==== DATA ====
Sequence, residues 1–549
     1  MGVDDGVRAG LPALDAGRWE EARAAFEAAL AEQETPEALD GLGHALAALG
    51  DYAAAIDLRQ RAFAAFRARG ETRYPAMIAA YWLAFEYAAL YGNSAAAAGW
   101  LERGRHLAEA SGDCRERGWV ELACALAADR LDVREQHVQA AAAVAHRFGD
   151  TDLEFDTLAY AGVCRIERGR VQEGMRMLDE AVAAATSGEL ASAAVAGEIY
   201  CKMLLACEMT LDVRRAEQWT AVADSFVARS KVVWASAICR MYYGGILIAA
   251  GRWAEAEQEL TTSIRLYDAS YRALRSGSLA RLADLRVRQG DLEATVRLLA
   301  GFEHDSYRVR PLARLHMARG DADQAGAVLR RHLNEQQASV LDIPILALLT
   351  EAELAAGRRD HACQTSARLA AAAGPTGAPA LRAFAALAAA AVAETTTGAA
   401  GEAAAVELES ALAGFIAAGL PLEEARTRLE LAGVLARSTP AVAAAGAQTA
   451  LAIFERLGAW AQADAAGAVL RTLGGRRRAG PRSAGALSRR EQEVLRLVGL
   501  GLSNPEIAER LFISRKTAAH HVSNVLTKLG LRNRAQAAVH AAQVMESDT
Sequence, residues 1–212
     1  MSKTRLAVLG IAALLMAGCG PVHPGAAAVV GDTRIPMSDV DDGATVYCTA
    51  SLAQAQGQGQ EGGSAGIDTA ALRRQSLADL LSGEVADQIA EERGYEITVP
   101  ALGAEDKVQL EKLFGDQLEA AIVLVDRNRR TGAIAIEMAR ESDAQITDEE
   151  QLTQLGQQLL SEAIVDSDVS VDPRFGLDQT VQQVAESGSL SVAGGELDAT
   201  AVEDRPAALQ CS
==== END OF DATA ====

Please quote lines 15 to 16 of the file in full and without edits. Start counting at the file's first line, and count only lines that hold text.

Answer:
    51  SLAQAQGQGQ EGGSAGIDTA ALRRQSLADL LSGEVADQIA EERGYEITVP
   101  ALGAEDKVQL EKLFGDQLEA AIVLVDRNRR TGAIAIEMAR ESDAQITDEE